Blue Flower

THURSDAY 24/3/16
There was activity at the mill, in the workshop and at the wagon today. The human skull bone found at the mill had been returned from radio carbon dating and a skull fragment from a woolly mammoth and woolly rhinoceros were supplied from the Heritage Centre to go for isotope analysis with it, so these were photographed before being sent to Durham University.

7 volunteers were working today. In the workshop a swing bridge was made to span the river for use on open days. This will allow people to cross from the footpath. Its made from a wheel hub with a plate fixed to it to allow rotation, and a length of scaffold staging similar to a ladder with metal plates forming the floor. It will have a counterweight so it can tilt upwards and swing round, and a removable hinge pin to allow complete removal when not needed. Handrails will be made to slot in when in use.

As we were all spread out in various locations we thought it would be a good time to test the set of four radios that Graeme supplied recently, and these were used to keep in touch with each other until we realised they needed charging.

Four of us went to the mill and one team cleared the downstream return wall of soil ready for brickwork repairs to be carried out. Finds from the last few visits were recorded and stored in one of the new plastic containers, labelled with dates and serial numbers for easy retrieval.

A selection of old finds were sorted out for display in the wagon. We also found a rib bone to send with the skull for analysis which we hope can be identified to which animal it came from.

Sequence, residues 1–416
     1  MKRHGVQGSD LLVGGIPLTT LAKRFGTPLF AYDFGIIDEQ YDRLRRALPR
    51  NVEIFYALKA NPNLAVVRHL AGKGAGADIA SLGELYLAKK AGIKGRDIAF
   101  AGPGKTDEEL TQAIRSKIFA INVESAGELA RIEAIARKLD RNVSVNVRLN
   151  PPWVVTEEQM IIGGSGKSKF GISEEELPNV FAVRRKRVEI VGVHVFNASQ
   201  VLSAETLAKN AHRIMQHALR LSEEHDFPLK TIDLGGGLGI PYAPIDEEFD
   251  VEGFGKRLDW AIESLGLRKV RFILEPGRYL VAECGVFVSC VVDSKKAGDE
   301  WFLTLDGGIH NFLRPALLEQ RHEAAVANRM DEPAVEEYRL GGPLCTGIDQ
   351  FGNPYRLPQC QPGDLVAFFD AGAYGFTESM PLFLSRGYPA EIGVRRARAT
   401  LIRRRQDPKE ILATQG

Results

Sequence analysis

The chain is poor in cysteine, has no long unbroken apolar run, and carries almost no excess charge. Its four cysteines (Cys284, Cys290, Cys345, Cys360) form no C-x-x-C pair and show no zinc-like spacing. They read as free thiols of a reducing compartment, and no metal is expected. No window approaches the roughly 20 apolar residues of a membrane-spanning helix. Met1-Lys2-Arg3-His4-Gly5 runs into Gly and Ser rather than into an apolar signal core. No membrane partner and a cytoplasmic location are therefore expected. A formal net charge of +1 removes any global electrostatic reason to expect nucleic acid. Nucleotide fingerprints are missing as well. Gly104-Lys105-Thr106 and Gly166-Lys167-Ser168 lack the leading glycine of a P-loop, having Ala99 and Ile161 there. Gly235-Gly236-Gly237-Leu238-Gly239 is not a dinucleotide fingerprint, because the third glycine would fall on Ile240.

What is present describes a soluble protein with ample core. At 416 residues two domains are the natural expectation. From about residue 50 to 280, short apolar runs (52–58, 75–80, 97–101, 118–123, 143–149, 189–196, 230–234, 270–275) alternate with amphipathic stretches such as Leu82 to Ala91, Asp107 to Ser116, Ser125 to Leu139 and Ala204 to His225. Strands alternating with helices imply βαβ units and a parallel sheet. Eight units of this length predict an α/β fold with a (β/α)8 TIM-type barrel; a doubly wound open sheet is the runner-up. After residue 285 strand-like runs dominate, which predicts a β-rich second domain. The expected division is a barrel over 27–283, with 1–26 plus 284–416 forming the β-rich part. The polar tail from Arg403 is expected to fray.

Dennis and John went on a Norfolk Industrial Heritage course recently, and when they joined us at the mill they showed us a picture from the course notes of Appleton engine house chimney. They enlarged this picture and were able to count the bricks and found our ‘furnace’ is the same size, so this suggests it was a chimney for a steam engine, which explains the black soot marks inside it.

Back at the wagon a bookshelf was fitted in one corner, as books about the River Nar and associated topics will be in the wagon when it is in use as a visitor centre and volunteer room. A coat hook was also fitted to the wall, the gas cooker was installed and wooden boards were made for the outside sign holders at each end, these were used to identify the load being transported. The wagon will be taken to the mill soon.

Graham Bartlett     Interactive Plan            Volunteer       Previous        Next   

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